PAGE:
Aspirin pretreatment reduces ethanol withdrawal severity in a mouse model of binge drinking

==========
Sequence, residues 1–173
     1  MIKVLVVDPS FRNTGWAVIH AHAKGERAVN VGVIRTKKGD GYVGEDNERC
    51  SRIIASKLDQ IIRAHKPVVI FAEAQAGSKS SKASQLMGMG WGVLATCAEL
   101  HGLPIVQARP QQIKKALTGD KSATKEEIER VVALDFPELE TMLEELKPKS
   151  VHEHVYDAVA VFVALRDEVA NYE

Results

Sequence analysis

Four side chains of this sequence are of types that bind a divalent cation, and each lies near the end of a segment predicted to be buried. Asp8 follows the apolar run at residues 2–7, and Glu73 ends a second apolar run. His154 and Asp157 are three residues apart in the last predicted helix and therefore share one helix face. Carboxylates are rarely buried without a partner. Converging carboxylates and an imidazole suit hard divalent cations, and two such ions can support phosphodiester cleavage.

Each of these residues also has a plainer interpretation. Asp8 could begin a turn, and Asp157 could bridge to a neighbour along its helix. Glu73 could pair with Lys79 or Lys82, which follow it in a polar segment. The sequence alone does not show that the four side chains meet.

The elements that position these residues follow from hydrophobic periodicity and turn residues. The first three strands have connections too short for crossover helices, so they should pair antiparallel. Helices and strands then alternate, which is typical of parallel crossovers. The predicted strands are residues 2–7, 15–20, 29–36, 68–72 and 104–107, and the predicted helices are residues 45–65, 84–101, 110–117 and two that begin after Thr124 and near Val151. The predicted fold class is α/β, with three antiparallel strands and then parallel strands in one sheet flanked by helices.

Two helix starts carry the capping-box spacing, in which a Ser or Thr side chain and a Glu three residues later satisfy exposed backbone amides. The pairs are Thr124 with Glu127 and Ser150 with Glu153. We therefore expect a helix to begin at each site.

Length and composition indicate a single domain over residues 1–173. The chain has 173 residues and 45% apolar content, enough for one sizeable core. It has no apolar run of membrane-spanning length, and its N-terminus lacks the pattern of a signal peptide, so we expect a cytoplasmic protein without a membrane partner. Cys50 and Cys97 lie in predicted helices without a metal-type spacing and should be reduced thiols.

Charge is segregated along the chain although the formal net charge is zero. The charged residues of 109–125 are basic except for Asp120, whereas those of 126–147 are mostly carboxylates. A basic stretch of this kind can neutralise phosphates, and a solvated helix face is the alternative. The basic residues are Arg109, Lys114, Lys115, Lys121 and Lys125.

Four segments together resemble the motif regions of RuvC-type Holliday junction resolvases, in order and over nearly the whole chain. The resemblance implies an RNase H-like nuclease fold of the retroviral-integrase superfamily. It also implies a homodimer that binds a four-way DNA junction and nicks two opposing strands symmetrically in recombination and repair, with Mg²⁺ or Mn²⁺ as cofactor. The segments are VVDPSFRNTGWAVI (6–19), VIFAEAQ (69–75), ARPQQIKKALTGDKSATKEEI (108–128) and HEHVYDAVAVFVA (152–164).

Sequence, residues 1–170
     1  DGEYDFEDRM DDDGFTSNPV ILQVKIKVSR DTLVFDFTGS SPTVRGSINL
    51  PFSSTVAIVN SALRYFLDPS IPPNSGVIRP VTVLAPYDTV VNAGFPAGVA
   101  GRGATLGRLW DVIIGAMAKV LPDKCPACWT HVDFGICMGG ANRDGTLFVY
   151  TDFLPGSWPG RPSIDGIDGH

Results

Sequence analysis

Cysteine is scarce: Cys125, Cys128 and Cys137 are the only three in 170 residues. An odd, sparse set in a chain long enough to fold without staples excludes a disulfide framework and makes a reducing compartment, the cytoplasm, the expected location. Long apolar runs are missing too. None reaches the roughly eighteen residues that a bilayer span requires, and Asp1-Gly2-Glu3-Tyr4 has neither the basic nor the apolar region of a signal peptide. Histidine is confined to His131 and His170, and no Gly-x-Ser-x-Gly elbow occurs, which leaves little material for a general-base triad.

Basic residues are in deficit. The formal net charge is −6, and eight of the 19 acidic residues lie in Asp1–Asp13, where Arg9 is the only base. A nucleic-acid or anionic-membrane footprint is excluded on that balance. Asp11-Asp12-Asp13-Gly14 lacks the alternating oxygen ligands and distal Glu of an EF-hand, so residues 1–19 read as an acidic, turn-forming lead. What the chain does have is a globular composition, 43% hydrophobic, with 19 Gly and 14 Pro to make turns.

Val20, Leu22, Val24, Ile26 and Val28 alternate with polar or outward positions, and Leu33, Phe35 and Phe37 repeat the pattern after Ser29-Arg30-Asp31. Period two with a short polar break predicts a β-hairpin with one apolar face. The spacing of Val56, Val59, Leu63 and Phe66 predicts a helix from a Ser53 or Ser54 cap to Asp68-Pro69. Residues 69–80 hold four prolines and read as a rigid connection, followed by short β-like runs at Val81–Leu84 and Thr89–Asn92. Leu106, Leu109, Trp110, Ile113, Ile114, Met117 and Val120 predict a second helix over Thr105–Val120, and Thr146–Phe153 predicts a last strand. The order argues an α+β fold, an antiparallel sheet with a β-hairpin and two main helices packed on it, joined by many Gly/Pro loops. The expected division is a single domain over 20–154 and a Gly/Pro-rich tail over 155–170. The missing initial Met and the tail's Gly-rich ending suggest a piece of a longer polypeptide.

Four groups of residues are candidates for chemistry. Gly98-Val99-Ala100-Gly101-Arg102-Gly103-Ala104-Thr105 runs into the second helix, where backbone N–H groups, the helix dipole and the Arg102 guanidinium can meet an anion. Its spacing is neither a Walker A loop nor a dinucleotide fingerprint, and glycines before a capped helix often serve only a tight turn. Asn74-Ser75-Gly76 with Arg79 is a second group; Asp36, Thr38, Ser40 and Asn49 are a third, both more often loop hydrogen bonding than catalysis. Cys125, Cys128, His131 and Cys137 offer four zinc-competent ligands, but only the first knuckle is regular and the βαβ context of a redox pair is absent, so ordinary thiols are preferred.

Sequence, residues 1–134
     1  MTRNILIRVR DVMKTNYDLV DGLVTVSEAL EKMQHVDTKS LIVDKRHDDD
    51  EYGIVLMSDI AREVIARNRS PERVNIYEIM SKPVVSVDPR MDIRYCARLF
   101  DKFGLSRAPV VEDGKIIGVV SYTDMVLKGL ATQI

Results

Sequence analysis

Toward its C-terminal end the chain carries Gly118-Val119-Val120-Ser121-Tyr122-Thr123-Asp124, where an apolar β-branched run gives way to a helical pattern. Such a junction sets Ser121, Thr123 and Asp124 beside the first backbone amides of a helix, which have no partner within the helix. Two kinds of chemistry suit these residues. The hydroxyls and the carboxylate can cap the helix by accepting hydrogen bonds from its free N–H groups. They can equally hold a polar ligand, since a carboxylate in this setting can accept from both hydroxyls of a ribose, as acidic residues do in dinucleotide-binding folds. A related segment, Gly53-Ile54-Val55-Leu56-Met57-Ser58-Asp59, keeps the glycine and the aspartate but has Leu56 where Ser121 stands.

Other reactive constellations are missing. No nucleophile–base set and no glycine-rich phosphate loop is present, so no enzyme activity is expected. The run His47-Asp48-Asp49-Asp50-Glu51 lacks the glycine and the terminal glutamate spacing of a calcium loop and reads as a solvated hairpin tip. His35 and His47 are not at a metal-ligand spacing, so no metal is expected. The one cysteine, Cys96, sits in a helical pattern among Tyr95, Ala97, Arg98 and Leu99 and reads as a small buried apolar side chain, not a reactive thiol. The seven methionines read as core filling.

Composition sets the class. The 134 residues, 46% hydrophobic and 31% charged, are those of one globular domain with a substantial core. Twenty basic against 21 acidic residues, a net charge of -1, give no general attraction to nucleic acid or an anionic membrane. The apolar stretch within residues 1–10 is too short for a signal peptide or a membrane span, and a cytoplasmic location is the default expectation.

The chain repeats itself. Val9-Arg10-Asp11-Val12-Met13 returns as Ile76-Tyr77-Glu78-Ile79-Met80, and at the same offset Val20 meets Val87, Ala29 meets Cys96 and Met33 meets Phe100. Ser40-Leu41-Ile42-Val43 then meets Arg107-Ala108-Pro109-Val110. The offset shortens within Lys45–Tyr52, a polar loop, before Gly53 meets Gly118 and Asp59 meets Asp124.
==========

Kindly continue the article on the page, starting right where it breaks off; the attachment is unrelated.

Nonsteroidal antiinflammatory drugs (NSAIDs) such as aspirin, ibuprofen, and indomethacin, which inhibit prostaglandin (PG) synthesis, have a pronounced effect on a broad range of ethanol (EtOH) actions. Given this, it is somewhat surprising that NSAID treatment has not been found to alter major signs of ethanol withdrawal. To date, the only effect found has been indirect, that is, NSAID treatment reduces the efficacy of PG precursor administration in the treatment of ethanol withdrawal via the inhibition of PG formation. However, in those studies reporting negative results NSAID administration was delayed until EtOH withdrawal. Studies demonstrating NSAID-related attenuation of other actions of EtOH have typically employed a pretreatment paradigm in which NSAIDs are administered prior to, not after, ethanol exposure. Thus, it may be that the point in the ethanol exposure/withdrawal episode at which NSAIDs are administered could be crucial in determining their effects of the ethanol withdrawal syndrome. To address this issue, we employed a multiple-exposure ''binge drinking'' model. On each of 6 treatment days, male BALB/c mice were injected subcutaneously with either acetylsalicylic acid (ASA, 150 mg/kg) or the buffer vehicle, followed 1 h later by either ethanol (4.0 g/kg) or saline (0.9%) by gavage. Ethanol withdrawal severity, as measured by handling-induced convulsions, was determined 2, 4, 6, 8, 10, 12, and 24 h after EtOH gavage. ASA pretreatment was found to significantly reduce handling-induced convulsions in ethanol-intubated animals. In fact, the attenuation was of such a magnitude that the ASA-pretreated ethanol group did not significantly differ in withdrawal severity from non-ethanol-exposed controls. This effect was not likely due to ASA-related alterations in ethanol pharmacokinetics. These findings have relevance for the understanding of the basic mechanisms underlying ethanol dependence, as well as the potential role of PGs in this phenomenon.
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